Party continues despite court ruling

The hosts, who were sued by a party guest who suffered burns in a drunken prank, have won an appeal ruling that brings relief to the insurance industry, according to a lawyer.

During a 21st party hosted by a farming family in Queensland, a guest discovered a jerry can in a dark shed. In a disturbing incident, the guest poured a small amount of petrol on a sleeping attendee and ignited him using a cigarette lighter.

Charles Dearden, who sustained burns to his upper body and limbs, filed a personal injury lawsuit against party hosts Terrence and Nicole Ryan. In response, the Ryans initiated third-party proceedings against Robert Taylor, the guest responsible for setting Dearden on fire.

In a ruling, a Supreme Court judge held the Ryans and Taylor responsible for the incident and awarded Charles Dearden a total of $600,797.55 in damages. The court determined that 70% of the liability rested with Taylor. It stated that a duty of care was owed to Dearden and reasonable measures should have been implemented to mitigate the foreseeable risk.

Additionally, Taylor pleaded guilty to a separate criminal charge of causing grievous injury.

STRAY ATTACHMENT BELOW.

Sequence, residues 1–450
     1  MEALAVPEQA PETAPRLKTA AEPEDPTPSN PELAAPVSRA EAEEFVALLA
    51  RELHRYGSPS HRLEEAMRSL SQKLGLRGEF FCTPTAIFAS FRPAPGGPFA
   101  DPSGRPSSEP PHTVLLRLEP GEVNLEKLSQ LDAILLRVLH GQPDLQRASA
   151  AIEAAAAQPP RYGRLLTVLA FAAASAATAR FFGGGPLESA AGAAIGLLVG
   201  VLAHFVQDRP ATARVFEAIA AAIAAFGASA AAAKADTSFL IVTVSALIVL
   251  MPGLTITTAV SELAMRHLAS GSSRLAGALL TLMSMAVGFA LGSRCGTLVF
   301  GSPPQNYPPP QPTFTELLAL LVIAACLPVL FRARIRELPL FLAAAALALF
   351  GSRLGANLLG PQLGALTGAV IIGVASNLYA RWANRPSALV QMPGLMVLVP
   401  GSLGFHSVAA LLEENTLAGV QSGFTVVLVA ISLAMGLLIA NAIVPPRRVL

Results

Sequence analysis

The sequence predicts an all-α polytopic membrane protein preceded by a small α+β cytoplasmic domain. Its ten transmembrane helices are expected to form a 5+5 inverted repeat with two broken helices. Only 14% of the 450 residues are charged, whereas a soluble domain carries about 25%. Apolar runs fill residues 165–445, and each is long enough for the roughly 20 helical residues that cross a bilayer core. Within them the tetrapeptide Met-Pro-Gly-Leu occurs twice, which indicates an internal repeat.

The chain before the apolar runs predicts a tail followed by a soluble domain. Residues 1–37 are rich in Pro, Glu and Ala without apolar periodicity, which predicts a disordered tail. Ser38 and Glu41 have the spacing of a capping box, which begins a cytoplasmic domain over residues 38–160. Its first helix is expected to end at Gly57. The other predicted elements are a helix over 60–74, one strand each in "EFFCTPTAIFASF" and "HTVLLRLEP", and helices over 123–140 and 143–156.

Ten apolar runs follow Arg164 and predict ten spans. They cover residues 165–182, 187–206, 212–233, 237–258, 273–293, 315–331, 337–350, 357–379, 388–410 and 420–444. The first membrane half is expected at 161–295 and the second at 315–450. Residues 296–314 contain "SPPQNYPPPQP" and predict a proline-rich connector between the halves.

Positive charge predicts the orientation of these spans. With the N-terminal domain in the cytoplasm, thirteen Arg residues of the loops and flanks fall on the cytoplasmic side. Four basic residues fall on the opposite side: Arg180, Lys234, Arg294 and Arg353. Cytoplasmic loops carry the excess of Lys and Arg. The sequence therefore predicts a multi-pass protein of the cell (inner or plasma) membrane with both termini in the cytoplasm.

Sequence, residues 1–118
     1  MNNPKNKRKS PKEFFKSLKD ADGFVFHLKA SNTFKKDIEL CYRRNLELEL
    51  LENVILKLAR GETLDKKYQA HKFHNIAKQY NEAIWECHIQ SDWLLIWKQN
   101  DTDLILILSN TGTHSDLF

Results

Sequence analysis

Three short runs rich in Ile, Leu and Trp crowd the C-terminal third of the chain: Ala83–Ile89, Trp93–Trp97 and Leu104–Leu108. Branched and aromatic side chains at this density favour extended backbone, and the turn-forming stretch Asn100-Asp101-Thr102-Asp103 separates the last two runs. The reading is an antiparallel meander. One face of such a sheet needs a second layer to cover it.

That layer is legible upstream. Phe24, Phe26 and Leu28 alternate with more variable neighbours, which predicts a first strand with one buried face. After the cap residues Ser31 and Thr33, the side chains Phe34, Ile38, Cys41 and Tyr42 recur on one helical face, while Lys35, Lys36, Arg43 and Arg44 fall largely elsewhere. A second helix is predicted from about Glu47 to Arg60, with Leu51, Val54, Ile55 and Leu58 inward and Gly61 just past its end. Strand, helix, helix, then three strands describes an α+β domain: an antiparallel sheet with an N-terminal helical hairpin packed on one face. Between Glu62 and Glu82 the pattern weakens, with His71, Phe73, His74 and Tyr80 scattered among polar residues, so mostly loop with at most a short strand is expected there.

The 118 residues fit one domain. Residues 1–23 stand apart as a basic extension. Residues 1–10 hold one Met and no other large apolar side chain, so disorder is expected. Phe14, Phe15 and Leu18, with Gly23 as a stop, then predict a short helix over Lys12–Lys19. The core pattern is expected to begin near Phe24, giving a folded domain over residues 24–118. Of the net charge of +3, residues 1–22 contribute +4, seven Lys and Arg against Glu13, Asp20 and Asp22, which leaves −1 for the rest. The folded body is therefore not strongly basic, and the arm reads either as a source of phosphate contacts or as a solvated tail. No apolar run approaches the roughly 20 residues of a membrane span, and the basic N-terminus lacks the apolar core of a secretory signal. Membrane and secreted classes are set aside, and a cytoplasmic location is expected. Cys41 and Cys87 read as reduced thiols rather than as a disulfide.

The Court of Appeal overturned the previous ruling, stating that imposing a legal duty on occupiers to prevent harm caused by the misuse of items kept on their properties would place an intolerable burden on them.

According to Meridian Lawyers principal Matthew McDonald, the initial decision had the potential to eliminate the traditional backyard birthday party.

Mr. McDonald noted that the Ryans had a farm policy, but the same issue could also be applicable to a home and contents policy.

Holding the Ryans liable would place a burden on party hosts, potentially necessitating the presence of security guards.

He commented that, as stated by the judge, such a situation would impose an overwhelming burden on party hosts.

This situation could have compelled insurers to revise or restrict the extent of coverage provided by applicable policies that address such incidents or lead to increased premiums.

He stated that the Queensland Court of Appeal has upheld that a party host’s duty of care does not extend to protecting partygoers from the criminal acts of third parties, except in cases where a special relationship exists. Therefore, parties can proceed without undue worry.

“From the perspective of insurers, if the initial decision were to be upheld, the likelihood of claims arising from incidents at residential party venues would likely escalate significantly,” he explained.



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By Ryan

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